"Government should be run like a business."
If I had one share of Google stock for every time I've heard a politician or some other brainless twit make that comment, I wouldn't care if Medicare and Social Security end up as bankrupt as Lehman Brothers and Borders bookstores.
I also wouldn't have to keep explaining that government isn't a business and can't function like one. Government's fundamental purpose is not to produce a product or service that can be sold at a profit.
The reason we have government is to make fun of it. Also, to maintain some sort of social order. Most political disagreements center on how much of that order (and/or ridicule) is necessary.
Nevertheless, the idea that government can operate like a business persists. And nowhere is it more stubbornly entrenched than in the brain of Paul Richard LePage, who is currently employed not as the CEO of a chain of remaindered-goods emporiums, but as governor of Maine.
LePage thinks like a businessman. There's nothing wrong with that when it comes to setting priorities, balancing budgets, and allocating resources. Those who criticize LePage for taking a businesslike approach to welfare, health care, or environmental protection are off the mark. LePage's problem isn't that he's trying to transfer his skills in managing a private-sector entity to running a public-sector one. It's that he doesn't recognize the fundamental difference between business and government.
When LePage ran Marden's Surplus and Salvage, he was the boss. By all reports, he was a pretty good one. He delegated authority. He sought advice from his staff. He considered a variety of viewpoints before making decisions. But once LePage made up his mind to do something, he expected — indeed, he demanded — that it be done exactly the way he wanted it done.
No study commissions that'll report back next year.
At Marden's, it was do it the LePage way or any resistant staff members would find their continued employment deemed surplus and their careers relegated to salvage.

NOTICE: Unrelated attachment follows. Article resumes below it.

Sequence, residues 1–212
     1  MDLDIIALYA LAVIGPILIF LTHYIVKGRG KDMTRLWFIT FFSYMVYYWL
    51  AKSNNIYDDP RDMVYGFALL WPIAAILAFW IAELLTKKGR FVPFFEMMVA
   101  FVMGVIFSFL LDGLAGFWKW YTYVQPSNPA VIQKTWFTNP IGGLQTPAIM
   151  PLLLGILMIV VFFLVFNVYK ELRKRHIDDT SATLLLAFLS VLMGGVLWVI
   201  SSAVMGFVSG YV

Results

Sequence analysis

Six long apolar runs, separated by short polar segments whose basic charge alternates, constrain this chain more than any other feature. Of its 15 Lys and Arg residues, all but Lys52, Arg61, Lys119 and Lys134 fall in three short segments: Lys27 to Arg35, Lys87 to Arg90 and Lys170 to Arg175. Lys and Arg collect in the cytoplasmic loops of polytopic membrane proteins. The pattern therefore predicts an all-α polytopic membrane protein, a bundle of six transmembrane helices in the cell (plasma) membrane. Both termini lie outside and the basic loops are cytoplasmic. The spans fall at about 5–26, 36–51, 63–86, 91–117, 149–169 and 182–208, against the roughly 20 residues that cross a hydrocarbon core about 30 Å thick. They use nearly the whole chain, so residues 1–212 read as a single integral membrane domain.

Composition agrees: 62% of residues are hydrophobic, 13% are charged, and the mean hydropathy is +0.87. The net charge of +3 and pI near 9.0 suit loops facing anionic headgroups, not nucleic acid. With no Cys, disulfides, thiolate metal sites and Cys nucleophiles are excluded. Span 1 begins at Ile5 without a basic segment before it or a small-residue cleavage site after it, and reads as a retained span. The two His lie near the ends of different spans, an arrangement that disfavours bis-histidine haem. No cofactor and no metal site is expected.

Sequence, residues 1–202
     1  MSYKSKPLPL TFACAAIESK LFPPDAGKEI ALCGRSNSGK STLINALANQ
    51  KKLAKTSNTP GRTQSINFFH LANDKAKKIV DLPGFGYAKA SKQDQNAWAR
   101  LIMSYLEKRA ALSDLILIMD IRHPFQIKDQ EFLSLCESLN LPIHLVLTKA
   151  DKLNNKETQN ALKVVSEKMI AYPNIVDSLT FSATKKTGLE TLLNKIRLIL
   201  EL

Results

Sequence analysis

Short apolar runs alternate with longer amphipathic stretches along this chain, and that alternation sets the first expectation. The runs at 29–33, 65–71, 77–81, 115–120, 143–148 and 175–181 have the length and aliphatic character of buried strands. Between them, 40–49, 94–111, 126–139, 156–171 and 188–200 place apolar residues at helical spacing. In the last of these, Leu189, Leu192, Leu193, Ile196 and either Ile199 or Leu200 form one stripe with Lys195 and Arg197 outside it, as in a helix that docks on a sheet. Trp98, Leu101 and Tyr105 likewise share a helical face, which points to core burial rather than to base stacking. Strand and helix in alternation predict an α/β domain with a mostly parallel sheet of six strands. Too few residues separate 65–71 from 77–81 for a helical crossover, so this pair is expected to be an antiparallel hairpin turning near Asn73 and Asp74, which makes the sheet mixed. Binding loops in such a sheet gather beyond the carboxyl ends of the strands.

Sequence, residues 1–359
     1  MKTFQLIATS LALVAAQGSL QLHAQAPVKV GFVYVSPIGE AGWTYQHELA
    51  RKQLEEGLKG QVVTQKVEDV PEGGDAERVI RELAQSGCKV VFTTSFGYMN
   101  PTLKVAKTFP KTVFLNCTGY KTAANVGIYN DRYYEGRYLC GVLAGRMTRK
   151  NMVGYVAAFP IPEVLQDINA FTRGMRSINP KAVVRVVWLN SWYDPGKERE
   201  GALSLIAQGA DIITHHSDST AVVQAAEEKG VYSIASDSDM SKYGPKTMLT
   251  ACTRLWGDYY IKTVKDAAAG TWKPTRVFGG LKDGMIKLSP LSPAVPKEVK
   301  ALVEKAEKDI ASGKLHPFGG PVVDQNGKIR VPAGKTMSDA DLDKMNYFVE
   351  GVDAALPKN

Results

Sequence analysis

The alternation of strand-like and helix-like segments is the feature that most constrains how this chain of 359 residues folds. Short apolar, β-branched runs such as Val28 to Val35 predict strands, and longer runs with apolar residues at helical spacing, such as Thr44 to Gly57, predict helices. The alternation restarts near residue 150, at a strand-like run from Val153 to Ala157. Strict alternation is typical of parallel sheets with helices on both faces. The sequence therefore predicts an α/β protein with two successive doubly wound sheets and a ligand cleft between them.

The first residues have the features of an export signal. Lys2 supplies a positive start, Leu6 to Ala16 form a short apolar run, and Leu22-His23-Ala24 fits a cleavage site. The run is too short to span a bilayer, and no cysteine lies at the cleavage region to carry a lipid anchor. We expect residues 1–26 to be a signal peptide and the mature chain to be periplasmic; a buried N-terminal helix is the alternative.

It was that approach that LePage brought to the Waterville mayor's job in 2003. It made him popular with fiscally conservative voters, but it limited his ability to accomplish much. In a city dominated by Democrats, Republican LePage never seemed interested in building a base of support that extended beyond his own re-election. He didn't recruit any like-minded candidates for the City Council. He didn't energize the GOP to elect more legislators. He displayed almost no aptitude for the political end of the job.
The reason for that ineffectiveness was that LePage could never get out of business mode. He still informed people of his decisions and expected them to carry out his orders. But often those people were elected officials in their own right — used to the sort of give and take that resulted in both sides getting some of what they wanted, but nobody getting anywhere near all of it.
So they politely told LePage to pound sand.
A more savvy and open-minded guy might have figured out that the political realm doesn't operate in the same manner as the business world. But LePage's savvy was limited to commerce and his open-mindedness shut off as soon as he left his executive offices. When, through the intervention of sheer dumb luck, he found himself in the governor's office last January, he was still operating as if he were negotiating to buy water-damaged furniture or out-of-style famous-name clothing.